Or maybe you’re one of the many millions of people who vow at the beginning of every year to “eat healthier”, and you really mean it. It’s important to you. While it’s a great thing to do, as it stands, “eat healthier” is basically just a blob of undoability. What does that actually look like? How will you know if you’ve succeeded? And what specific actions are you going to do to reach that goal? Maybe to you, eating healthier means cutting sugar, incorporating more fruits and vegetables, and cooking at home more. Or maybe it means choosing healthier options when you go out to dinner and staying better hydrated. There are a lot of ways to “eat healthier”, so choose the ones that are the most pertinent to you, and start there. So once you know what “eat healthier” looks like for you, you can form a game plan. Maybe you want to reduce your sugar intake. You might make a goal to reduce your sugar intake to X amount per day or per week. Then do a pre-mortem analysis. If you don’t reach you goal of X amount of sugar per day, what will be the most likely reason? The insane amount of sugar in your daily can of soda? The 20 boxes of Thin Mints you bought from your daughter when she was selling girl scout cookies? Determine the most likely problem, and figure out how you’re going to handle it before the situation is right in front of you. Perhaps you could ask whoever does the grocery shopping in your house to please please please support your goal by not bringing pop home from the store. Or don’t carry small bills with you to work, so it becomes harder to go get a can from the vending machine at your workplace. Or give each of your friends a box of the girl scout cookies. It’s a win-win. Your friends will love you forever, and you won’t have the temptation of those delicious cookies calling your name every time you walk into your kitchen.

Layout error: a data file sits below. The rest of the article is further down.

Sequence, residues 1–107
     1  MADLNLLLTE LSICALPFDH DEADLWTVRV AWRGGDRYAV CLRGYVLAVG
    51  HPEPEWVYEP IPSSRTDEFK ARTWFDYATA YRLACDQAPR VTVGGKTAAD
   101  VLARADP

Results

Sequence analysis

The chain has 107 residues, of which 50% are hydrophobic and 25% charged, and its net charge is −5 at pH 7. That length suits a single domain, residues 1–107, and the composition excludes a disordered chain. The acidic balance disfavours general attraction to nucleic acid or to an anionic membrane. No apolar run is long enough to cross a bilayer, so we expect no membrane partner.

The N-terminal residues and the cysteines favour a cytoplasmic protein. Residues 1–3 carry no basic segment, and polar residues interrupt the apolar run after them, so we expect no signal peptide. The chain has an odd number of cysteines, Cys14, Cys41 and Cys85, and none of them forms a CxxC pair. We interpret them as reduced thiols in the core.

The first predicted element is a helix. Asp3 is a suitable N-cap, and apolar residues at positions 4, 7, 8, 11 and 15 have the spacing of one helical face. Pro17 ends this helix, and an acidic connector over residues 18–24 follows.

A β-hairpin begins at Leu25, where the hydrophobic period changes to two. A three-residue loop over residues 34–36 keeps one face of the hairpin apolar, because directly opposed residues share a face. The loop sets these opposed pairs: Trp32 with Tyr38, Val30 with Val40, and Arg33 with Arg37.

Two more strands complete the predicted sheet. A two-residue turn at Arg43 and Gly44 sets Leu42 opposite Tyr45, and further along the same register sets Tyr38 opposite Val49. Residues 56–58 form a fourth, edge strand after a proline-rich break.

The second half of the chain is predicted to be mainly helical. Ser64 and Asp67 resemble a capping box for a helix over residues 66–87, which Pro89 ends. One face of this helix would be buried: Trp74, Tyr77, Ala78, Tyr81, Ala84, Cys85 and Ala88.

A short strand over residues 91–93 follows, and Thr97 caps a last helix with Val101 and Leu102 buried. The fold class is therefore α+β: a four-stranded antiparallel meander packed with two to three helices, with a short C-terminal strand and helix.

Then, keep analyzing. Did those measures enable you to achieve your goal? If not, then figure out what else needs to be tweaked. If so, then awesome! You did it! Now keep doing it. Because it’s pretty easy to keep a resolution for a week or two, but harder to keep doing it in the long run. If you experience a setback, acknowledge it, form a plan for how to tackle similar setbacks in the future, and keep on moving. And at the end of the year, you’ll look back at the goal that was once so hard and realize that it’s become so much a part of your life that you don’t really think about it anymore. Except to appreciate how it’s contributed to your quality of life, of course.
If you're looking for a way to do the traditional New Year's Eve celebrations in a healthier way (perhaps to get a jump start on those healthy living resolutions you set?), check out these fun New Year's Eve recipes from Eating Well. Whether you're throwing a party or just planning some celebratory snacks for while you watch the ball drop on TV, these can help you munch festively in a healthier, more natural way. Enjoy!